This is the program art for "Taming of the Shrew." I fell in love with it!! Look how their souls float about each other and take each other in! Passion, beauty, and in the end, respect!
OK, on to the meat of the blog...
I love art.
I love Moliere.
I love Shakespeare.
I love pretending I am a peasant paying a penny for a standing seat and speaking in a British accent.
I love buying Elizabethan pastries and booing Iago from a replica of the Globe theater.
I love taking my tenth graders to the Shakespeare Festival and seeing them grow and gain knowledge and show enthusiasm and excitement!
Most of all...I love being a tenth grade English teacher, and while giving a funny Shakespeare anecdote, suddenly seeing someone familiar....MY tenth grade English teacher!
I have not seen this woman since I was 15 years old. And there she was. Can I tell you the wonder and excitement of seeing her.
"Excuse me, you were my tenth grade English teacher."
"Oh my goodness! Yes I was! This is amazing, remind me of your name again."
"Yes, I remember you, what an AMAZING, talented, gifted, beautiful (ok, embellished story at this point, what can I say, it's what I do) you were! So, what are you up to?"
"Well, this is SO fun to tell you. But I am now a tenth grade English teacher and these are my students! I have brought them to the festival to learn and enjoy."
The look on her face was priceless...I think the greatest desire of a teacher's heart is to know that somewhere, somehow she made a difference to someone.
"And, because of you, all of these students can quote Anthony's 'Friends, Romans, Countrymen' speech. I made them memorize it, just as you did me!"
The first play we saw was an AMAZING version of "The Taming of the Shrew" (set in Italy in 1946). I have to admit, the first half of this play, with Kate's spunky independence (this one played less violently than Elizabeth Taylor) is so enjoyable! I love the energy, the words, the fun that the two characters have...but it has always made me sad that Kate had to be tamed. I didn't want her to kiss her husbands boots or her lose her wild nature. The morning after I saw it, I woke up early for breakfast at the hotel. I shared a table with two older women..they began to rant against women who don't give their husbands enough. "Feminism has ruined the American family! Women should be more grateful for their mate. What's wrong with waiting on your husband? This play speaks truth." I sat there and took it all in. I had some thoughts. They both looked to me for a comment...I just held up my bare ring finger and said, "I have yet to be tamed." That's all I could get out....it was an interesting perspective. But the play also played it well...great play on words, eh? The director, the only woman director of the festival, really was able to convey not a taming of sorts, but a mutual affection, adoration, and love that the two developed. I loved it.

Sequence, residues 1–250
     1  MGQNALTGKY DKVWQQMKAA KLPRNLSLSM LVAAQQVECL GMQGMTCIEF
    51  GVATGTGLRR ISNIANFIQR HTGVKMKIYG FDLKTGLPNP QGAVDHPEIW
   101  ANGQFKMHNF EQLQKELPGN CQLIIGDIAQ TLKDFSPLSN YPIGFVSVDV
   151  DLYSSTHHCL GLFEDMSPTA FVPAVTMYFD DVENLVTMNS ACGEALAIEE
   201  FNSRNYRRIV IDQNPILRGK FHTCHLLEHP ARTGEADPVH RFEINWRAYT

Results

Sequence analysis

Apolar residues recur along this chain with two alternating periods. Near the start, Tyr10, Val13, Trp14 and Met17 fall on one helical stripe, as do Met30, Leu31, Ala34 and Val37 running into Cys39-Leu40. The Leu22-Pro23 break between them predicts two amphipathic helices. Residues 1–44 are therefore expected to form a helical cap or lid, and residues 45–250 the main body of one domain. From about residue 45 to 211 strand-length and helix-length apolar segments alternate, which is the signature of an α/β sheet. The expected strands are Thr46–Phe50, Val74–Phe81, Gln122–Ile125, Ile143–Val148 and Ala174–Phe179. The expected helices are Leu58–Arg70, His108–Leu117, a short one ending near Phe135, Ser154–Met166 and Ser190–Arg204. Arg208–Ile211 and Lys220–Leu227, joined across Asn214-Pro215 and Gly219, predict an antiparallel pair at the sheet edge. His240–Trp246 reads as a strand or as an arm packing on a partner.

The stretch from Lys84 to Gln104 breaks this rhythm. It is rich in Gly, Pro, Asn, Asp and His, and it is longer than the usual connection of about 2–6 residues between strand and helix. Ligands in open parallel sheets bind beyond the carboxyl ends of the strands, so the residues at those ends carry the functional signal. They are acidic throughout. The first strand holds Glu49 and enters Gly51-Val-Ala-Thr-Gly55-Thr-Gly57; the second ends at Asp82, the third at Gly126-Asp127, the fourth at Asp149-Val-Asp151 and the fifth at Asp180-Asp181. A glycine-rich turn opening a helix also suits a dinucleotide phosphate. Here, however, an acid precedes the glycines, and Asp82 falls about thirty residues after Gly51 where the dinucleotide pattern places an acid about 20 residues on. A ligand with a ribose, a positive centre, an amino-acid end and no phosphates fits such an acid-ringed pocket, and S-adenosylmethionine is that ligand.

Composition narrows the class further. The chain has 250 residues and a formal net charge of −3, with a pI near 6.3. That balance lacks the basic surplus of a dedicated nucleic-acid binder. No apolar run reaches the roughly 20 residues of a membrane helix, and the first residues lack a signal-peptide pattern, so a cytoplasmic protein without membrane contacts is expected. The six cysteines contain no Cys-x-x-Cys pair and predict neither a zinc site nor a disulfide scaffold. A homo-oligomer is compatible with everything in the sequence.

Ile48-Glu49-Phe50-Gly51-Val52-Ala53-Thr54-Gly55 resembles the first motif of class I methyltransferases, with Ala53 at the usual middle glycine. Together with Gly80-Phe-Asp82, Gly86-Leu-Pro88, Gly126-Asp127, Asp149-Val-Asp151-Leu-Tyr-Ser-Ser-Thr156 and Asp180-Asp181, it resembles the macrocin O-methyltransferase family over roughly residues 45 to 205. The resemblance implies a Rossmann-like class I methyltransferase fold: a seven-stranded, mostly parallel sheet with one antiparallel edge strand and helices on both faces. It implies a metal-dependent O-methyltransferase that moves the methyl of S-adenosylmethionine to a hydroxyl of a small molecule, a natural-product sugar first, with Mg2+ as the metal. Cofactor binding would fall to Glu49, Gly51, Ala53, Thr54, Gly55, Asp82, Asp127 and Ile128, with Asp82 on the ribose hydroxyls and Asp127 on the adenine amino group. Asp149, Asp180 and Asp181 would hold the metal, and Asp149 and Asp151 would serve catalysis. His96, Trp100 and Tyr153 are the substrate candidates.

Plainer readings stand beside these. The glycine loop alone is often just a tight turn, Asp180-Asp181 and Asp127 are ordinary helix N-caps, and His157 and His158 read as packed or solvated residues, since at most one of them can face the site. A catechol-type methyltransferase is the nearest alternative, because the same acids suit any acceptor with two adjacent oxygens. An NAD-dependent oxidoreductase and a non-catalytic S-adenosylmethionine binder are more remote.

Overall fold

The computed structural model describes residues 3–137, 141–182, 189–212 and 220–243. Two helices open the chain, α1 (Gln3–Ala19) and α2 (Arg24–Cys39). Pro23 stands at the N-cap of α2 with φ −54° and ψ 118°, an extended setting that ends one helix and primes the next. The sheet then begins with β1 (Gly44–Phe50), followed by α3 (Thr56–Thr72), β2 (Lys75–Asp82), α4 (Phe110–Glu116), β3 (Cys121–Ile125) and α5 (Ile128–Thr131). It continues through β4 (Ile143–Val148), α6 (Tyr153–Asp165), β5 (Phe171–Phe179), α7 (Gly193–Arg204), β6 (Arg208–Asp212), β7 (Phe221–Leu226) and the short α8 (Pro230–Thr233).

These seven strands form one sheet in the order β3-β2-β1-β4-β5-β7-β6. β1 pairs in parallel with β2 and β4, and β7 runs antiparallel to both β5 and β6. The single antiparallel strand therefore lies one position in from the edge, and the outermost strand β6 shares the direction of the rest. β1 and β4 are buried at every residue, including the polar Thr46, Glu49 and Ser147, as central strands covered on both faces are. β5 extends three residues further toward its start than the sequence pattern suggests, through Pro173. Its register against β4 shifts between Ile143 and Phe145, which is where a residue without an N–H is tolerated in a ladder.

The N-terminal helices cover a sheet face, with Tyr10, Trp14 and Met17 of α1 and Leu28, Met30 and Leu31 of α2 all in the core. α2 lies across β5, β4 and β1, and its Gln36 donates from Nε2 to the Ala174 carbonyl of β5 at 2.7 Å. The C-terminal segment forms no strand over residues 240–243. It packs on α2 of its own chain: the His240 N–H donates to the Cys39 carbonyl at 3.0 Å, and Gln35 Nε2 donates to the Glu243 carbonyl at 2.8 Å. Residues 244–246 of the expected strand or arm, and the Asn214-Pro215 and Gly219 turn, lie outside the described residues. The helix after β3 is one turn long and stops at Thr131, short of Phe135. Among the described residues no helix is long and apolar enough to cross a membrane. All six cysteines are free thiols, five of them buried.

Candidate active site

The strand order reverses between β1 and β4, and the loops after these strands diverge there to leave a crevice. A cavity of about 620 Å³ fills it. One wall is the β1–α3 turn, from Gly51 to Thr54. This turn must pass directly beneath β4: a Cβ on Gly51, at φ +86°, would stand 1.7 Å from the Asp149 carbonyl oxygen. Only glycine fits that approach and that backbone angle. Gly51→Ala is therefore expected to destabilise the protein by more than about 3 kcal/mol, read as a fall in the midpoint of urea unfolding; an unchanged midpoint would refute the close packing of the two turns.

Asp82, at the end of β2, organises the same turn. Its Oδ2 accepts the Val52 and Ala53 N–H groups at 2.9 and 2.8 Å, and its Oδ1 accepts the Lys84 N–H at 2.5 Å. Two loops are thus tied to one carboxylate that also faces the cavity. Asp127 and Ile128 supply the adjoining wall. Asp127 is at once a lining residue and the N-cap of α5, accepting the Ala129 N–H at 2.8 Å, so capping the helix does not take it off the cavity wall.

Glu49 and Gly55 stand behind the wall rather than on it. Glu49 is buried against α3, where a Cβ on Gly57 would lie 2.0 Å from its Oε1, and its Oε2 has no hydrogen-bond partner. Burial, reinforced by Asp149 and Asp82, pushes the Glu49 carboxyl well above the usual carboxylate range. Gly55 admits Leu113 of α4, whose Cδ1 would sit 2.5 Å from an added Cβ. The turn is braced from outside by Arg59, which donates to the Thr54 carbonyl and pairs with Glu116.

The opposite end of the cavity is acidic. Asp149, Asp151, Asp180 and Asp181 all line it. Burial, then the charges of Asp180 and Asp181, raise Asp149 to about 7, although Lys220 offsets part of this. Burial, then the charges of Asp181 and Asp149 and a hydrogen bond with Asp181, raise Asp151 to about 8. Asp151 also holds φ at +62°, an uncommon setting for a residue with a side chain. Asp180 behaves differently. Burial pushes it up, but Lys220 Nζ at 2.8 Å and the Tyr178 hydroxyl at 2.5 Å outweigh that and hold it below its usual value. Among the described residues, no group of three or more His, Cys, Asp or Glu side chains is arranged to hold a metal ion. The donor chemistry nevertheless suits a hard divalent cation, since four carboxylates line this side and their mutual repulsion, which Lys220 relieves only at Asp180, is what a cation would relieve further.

Monday evening was "The School For Wives". A delightful production. Moliere is the Shakespeare of France! I have quite the crush on him! If I could pick one person from history to have a torrid affair with, it would be him.
“It infuriates me to be wrong when I know I'm right.”
“To live without loving is not really to live.”
“People can be induced to swallow anything, provide it is sufficiently seasoned with praise”
Stunning. We saw this outside in the Globe. It was raining, we sat through it, the actors pretended it wasn't there. We went to a session with the actors the following morning in which they discussed their motivations and the acting process. We were all enthralled. Othello said that he isn't usually a method actor, but that on the death scene with Desdemona, a prop person had forgotten to remove Cassius's hat. It was on the corner of the bed where she was sleeping. He said it really struck him, caused such anger in him while in character that the death scene that night was probably the most intense they have ever done. My students and I were in awe at this tragedy of tragedies.
We studied "Cyrano de Bergerac" last year in school. The students were MOST excited to see this. They had all the background knowledge. They had acted it out. They had analyzed it. And now they were seeing it for real. It was amazing.
I've seen this musical a thousand times, but this magnificent production made it feel like it was the first. I haven't been part of this story in such a way since I was a child. It was a great finale to our trip.
Yesterday morning, before we left, we were invited to see a read through of a new play about Leonardo da Vinci. In it three characters from his paintings come to life. They talk to him and they ask him to justify his art. They put him on trial in a sense, trying to get to the core of what caused this greatest of inventors and thinkers to create and do what he did.
That's an interesting idea I've been thinking about, if the characters I create through writing and painting could come and speak to me, what would they say? What would yours say? Have you ever had a conversation with something you've created?